moneyGuru Basics

moneyGuru is loosely based on double-entry accounting. The core of the system is the transaction which represents a movement of money from some account(s) to some other account(s) at a particular date. A transaction consists in a zero-sum set of 2 or more entries to 2 or more accounts. Any account, whether it’s an asset or an income, can send money to any other account. This comes handy when it comes to cash management. There’s not much else to describe for the basics of the system itself. Things get a little more complex when multiple currencies are involved, but the details about that are described on the currencies page.

Tabs and views

moneyGuru is based around different views (the main ones are explained below) through which you manage your moneyGuru document. These views are managed through tabs. Tabs behave like any other tab-enabled app. You open a new tab with ⌘T, you close it with ⌘W, you can cycle through tabs with ⌘⇧←→. Whenever you open an account with the basics_show_account_arrow arrow, a new tab is opened (or if it was already opened, it’s selected) for that account.

The date range

The currently selected date range affects the whole application. Everything you see in the views is for the current date range. For example, if “Jan 2010 - Dec 2010” is selected, everything that you see in all the views is data from 2010/01/01 to 2010/12/31. The range is controlled by this little widget:

basics_date_range

There are 7 types of date ranges:

  1. Month: It starts on the first day of a month and ends on the last day of the same month.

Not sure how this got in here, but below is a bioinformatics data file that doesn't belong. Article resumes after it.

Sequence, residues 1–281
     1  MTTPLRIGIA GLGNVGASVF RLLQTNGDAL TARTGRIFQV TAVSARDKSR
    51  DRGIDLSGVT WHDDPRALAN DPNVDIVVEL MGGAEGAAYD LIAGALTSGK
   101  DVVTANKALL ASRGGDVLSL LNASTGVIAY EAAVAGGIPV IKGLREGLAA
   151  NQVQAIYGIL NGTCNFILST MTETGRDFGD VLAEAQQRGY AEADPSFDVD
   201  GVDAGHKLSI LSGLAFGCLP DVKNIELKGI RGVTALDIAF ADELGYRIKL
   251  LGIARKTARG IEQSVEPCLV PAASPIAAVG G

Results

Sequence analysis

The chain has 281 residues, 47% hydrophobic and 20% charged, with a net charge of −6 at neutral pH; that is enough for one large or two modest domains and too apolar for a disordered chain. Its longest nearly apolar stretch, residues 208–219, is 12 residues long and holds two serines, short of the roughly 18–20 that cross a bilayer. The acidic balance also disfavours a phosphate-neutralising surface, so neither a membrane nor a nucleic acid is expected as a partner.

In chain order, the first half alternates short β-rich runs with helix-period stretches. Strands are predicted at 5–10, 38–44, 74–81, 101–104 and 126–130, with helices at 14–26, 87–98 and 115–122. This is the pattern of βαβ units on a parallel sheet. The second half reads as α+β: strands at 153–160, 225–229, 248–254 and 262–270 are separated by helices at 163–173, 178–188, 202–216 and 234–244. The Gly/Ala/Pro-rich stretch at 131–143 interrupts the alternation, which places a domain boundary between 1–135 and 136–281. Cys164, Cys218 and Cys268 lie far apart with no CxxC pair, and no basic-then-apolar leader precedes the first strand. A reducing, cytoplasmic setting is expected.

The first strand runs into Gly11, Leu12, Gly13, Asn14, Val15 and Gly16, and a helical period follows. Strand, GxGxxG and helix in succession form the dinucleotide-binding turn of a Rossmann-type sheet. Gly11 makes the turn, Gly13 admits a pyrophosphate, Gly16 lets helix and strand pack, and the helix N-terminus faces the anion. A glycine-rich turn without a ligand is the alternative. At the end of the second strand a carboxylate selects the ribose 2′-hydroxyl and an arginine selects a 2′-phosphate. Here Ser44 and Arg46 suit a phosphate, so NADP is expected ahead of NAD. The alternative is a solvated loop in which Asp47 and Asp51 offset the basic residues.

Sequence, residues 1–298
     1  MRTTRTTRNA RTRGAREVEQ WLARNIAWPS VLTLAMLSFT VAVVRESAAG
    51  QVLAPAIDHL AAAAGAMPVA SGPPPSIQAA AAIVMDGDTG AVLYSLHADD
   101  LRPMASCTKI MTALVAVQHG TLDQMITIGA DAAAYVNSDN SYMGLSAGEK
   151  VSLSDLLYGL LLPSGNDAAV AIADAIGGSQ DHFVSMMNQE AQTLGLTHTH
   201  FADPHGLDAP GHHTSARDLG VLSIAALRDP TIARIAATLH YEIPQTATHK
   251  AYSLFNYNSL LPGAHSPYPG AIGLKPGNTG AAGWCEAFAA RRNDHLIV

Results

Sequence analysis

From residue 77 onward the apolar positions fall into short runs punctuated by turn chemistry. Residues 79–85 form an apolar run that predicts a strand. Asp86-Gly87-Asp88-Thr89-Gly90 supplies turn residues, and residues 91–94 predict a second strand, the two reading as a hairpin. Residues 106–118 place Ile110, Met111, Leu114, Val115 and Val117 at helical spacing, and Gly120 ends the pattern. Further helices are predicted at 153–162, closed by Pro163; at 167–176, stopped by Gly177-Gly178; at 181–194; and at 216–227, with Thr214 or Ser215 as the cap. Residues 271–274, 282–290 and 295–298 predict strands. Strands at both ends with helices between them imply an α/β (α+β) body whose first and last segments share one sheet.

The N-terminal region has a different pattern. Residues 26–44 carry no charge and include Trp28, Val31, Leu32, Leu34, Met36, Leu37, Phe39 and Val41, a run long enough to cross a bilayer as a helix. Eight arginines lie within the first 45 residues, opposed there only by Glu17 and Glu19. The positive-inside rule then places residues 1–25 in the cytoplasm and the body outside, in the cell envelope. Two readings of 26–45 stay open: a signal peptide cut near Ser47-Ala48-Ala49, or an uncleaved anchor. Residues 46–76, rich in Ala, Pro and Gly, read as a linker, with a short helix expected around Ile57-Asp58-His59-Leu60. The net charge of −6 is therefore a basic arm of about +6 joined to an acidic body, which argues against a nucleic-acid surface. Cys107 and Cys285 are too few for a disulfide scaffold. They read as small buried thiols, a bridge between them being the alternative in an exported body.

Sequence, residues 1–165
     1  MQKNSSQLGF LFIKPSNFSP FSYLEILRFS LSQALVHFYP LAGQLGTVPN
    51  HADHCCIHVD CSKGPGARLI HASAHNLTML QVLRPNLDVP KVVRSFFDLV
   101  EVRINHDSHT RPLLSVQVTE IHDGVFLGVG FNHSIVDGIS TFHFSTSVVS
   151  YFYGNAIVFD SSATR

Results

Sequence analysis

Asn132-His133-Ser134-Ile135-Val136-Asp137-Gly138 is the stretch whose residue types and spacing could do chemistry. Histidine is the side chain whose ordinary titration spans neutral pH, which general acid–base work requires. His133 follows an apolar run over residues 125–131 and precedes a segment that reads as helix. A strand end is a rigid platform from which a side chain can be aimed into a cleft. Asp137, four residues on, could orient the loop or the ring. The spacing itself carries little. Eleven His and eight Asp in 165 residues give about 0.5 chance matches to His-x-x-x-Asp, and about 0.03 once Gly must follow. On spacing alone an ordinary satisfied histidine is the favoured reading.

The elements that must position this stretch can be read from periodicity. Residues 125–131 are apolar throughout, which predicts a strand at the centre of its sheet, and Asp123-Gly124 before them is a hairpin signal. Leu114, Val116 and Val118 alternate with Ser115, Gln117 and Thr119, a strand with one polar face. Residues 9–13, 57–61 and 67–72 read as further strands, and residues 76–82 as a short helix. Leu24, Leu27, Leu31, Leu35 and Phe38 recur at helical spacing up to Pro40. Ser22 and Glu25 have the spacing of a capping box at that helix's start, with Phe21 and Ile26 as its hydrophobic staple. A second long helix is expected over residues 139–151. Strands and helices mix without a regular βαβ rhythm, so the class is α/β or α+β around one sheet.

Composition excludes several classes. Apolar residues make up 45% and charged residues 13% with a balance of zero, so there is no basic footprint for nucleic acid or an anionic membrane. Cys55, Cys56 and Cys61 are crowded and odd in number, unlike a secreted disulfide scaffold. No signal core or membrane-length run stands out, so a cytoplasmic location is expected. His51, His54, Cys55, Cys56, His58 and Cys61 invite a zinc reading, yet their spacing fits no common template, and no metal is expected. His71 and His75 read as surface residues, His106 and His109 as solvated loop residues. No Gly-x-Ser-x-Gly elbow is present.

2. Quarter: It starts on the first day of a quarter (3 months) and ends on the last day of the same quarter.
  3. Year: It starts on the first day of a year and ends on the last day of the same year.
  4. Year to date: It starts on the first day of a today’s year and ends today. Use this date range if you want moneyGuru to show you your current situation (without any budgeting or scheduled transactions) thrown in the mix.
  5. Running year: This date range follows today. It displays exactly one year, but instead of displaying full years, it uses the “Ahead months in Running year” preference to determine when the date range ends, and then starts exactly one year before that date.
  6. All Transactions: This date range starts at the date of the earliest transaction in your document and ends at now + ahead months (see Running Year).
  7. Custom date range: When you select this date range, moneyGuru will prompt you for a start date and an end date. Afterwards, the date range will be the dates you chose.

For “navigable” date ranges (Month, Quarter, Year), you can use the arrows to select the previous or the next date range (on the keyboard, it’s ⌘⌥[ and ⌘⌥]). There are also shortcuts to select date range types (⌘⌥1-7). You can also press ⌘⌥T to return to today’s date range.

When selecting custom date ranges, you also have the option to have moneyGuru put that date range into one of the 3 available slots. When you do this, a new date range will appear in the menu and will be quickly re-callable.

The thin red line

All information in moneyGuru is displayed according to the currently selected date range. Things get interesting when the date range ends at a future date. If you have scheduled transactions or budget set up, the numbers you will see and the chart you will look at will include them. In the graphs, there is a sharp distinction between the past and the future. The past is displayed in green, and the future is displayed in gray, a thin red line separating both. So when you look at the grey part of graphs, you are looking at stuff that has not happened yet. Your net worth in your balance sheet will count the yet-to-happen scheduled transactions as well as budgets. Sometimes, you just want to know about your current financial situation. This is what the “Year to date” (⌘⌥4) date range is for.

Visibility Options

Many tab views have graphs and charts, and all of them have table columns. You can control the visibililty of those elements through the buttons at the bottom of the main window. If you click on the Columns visibility button, you’ll get a list of all optional columns for the currently active tab view. Through that menu you can toggle these columns’ visibility.